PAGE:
In severe preeclampsia, the CNS becomes irritated as a result of vasospasm and decreased organ perfusion. This causes a cortical brain spasm that results in headaches, hyperreflexia, seizure activity and the progression to eclampsia.
Due to CNS irritability and cortical brain spasm, the pregnant woman’s reflexes become hyper-exaggerated, signifying the possible development of eclampsia.
Due to the cortical brain spasm, the ankle may display rapid muscular contraction and relaxation appearing as a rhythmic tremor.
As hypertension progresses without proper management, the pregnant woman may experience severe headaches significant of increased pressures within the vessels of the brain.
Visual disturbances may occur as a result of retinal arteriolar spasm that develops due to progression of hypertension and vasospasm that occurs in severe preeclampsia.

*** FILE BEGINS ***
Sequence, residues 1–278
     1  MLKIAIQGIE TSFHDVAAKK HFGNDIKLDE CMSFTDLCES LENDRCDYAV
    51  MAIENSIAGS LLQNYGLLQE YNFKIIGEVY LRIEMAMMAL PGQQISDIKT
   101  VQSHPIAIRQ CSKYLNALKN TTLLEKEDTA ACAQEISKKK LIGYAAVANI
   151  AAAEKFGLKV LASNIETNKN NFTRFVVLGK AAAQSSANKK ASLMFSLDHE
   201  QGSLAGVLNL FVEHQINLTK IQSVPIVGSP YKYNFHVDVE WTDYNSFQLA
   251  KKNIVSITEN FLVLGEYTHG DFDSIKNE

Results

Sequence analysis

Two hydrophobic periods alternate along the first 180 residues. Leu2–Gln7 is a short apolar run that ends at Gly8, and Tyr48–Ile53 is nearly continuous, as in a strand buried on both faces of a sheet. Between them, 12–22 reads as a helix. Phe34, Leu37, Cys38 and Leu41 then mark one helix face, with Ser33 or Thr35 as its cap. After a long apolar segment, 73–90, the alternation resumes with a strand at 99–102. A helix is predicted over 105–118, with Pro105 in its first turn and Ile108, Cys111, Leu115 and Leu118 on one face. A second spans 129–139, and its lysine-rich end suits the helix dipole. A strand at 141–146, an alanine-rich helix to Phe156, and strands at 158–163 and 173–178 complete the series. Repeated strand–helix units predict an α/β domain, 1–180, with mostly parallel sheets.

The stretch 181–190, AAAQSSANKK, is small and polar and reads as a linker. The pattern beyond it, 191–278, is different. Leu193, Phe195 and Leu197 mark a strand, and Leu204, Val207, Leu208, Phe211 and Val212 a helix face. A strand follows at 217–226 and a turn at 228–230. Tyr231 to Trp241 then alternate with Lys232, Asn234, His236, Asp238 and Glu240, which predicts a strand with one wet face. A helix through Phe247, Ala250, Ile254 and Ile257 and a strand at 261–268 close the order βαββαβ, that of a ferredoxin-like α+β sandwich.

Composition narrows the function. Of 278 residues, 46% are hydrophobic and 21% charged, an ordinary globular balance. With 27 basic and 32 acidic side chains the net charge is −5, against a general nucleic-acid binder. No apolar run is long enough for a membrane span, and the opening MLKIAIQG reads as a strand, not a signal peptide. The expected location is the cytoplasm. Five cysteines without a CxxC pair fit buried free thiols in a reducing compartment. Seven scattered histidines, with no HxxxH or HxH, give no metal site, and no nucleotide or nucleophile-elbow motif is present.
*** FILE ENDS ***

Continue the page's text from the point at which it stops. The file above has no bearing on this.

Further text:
Epigastric or right upper quadrant (RUQ) pain is usually an ominous sign and the woman frequently complains of this pain immediately before the onset of the seizure. In many cases, this pain/feeling is a harbinger of impending seizure. This could also represent worsening hepatopathy from pre-eclampsia.
Due to cortical brain spasm and increased CNS irritability, seizures can occur in the pregnant woman. These seizures can occur before birth, during birth, or after birth and are significant to eclampsia. Typical seizure care includes airway management, administration of oxygen, turning the patient on their side, and padding side rails.
Due to severely increased CNS irritability, the patient can progress to a comatose state. This is a severe complication of eclampsia.
It is imperative in this obstetric emergency to call for help and not leave the patient alone.
This medication is given to control seizures in the woman with eclampsia. Calcium gluconate should be available to reverse any effects of magnesium toxicity (depressed DTRs, bradypnea, oliguria), as the woman has more than likely been receiving magnesium sulfate prior to the onset of seizure activity. It is crucial to monitor for respiratory depression.
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